Founded in 1937 by Benito Mussolini, the studios were bombed by the Western Allies during the Second World War. In the 1950s, Cinecittà was the filming location for several large American film productions, and subsequently became the studio most closely associated with Federico Fellini. Today Cinecittà is the only studio in the world with pre-production, production, and full post-production facilities on one lot, allowing directors and producers to walk in with their script and "walk out" with a completed film.
Although associated today only with Latin, ancient Rome was in fact multilingual. In highest antiquity Sabine tribes shared the area of what is today Rome with Latin tribes. The Sabine language was one of the Italic group of ancient Italian languages, along with Etruscan, which would have been the main language of the last three kings who ruled the city till the founding of the Republic in 509 BC. Urganilla, or Plautia Urgulanilla, wife of Emperor Claudius, is thought to have been a speaker of Etruscan many centuries after this date, according to Suetonius' entry on Claudius. However Latin, in various evolving forms, was the main language of classical Rome, but as the city had immigrants, slaves, residents, ambassadors from many parts of the world it was also multilingual. Many educated Romans also spoke Greek, and there was a large Greek, Syriac and Jewish population in parts of Rome from well before the Empire. Latin evolved during the Middle Ages into a new language, the volgare. The latter emerged as the confluence of various regional dialects, among which the Tuscan dialect predominated, but the population of Rome also developed its own dialect, the Romanesco. The Romanesco spoken during the Middle Ages was a southern Italian dialect, very close to the Neapolitan. The influence of the Florentine culture during the renaissance, and, above all, the immigration to Rome of many Florentines following the two Medici Popes (Leo X and Clement VII), caused a major shift in the dialect, which began to resemble more the Tuscan varieties. This remained largely confined to Rome until the 19th century, but then expanded to other zones of Lazio (Civitavecchia, Latina), from the beginning of the 20th century, thanks to the rising population of Rome and to better transportation systems. As a consequence of education and media like radio and television, Romanesco became more and more similar to standard Italian. Dialectal literature in the traditional form Romanesco includes the works of such authors as Giuseppe Gioachino Belli (one of the most important Italian poets altogether), Trilussa, and Cesare Pascarella. Contemporary Romanesco is mainly represented by popular actors such as Aldo Fabrizi, Alberto Sordi, Nino Manfredi, Anna Magnani, Gigi Proietti, Enrico Montesano, and Carlo Verdone.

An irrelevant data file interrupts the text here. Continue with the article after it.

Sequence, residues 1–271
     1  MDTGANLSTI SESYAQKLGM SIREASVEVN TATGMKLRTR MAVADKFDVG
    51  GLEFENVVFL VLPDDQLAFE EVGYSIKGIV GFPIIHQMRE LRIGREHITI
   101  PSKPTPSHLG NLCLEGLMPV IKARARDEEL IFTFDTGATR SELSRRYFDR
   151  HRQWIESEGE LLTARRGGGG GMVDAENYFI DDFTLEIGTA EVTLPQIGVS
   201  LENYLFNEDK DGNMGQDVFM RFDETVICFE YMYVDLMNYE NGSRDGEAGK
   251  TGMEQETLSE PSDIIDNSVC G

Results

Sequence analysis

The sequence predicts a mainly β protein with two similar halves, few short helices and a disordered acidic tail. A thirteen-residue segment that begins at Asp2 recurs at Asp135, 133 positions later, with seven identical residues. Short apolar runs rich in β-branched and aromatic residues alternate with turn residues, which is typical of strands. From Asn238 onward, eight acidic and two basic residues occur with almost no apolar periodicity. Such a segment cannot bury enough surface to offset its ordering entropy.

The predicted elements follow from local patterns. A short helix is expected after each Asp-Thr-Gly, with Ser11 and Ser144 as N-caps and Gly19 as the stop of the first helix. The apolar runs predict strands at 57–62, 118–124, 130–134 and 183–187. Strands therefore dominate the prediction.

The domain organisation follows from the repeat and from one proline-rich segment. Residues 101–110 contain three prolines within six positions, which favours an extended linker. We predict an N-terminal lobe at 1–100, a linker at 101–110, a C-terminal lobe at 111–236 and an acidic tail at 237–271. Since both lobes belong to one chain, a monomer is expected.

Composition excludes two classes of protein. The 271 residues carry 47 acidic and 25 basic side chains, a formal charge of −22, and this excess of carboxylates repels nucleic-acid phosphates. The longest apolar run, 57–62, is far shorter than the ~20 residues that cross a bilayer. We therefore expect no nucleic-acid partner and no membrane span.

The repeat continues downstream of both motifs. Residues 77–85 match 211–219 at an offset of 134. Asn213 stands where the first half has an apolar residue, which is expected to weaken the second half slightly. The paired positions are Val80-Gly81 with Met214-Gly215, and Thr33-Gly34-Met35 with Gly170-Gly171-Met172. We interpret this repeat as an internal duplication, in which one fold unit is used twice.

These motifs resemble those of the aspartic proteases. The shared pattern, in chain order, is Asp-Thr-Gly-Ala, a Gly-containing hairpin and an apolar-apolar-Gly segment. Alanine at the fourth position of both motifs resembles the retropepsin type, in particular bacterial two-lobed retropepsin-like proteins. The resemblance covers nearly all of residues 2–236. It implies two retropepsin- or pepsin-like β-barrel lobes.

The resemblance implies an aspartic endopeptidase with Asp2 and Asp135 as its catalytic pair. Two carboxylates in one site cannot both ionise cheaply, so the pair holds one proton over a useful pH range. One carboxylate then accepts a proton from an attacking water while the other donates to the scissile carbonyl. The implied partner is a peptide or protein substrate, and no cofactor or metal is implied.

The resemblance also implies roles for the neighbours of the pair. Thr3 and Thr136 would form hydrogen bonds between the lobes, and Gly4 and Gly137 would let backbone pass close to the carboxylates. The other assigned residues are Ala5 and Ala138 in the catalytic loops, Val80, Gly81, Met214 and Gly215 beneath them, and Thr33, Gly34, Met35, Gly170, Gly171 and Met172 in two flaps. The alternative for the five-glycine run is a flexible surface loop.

Rome's historic contribution to language in a worldwide sense is much more extensive however. Through the process of Romanisation, the peoples of Gallia, the Iberian Peninsula, Italy and Dacia developed languages which derive directly from Latin and were adopted in large areas of the world both through colonization and cultural influence. Moreover, also modern English, because of the Norman Conquest, borrowed a large percentage of its vocabulary from the Latin Language. The Roman or Latin alphabet is the most widely used writing system in the world used by the greatest number of languages.
Rome has long hosted artistic communities, foreign resident communities and a large number of foreign religious students or pilgrims and so has always been a multilingual city. Today because of mass tourism many languages are used in servicing tourism, especially English which is widely known in tourist areas, and the city hosts large numbers of immigrants and so has many multilingual immigrant areas.
Via dei Banchi Vecchi, 29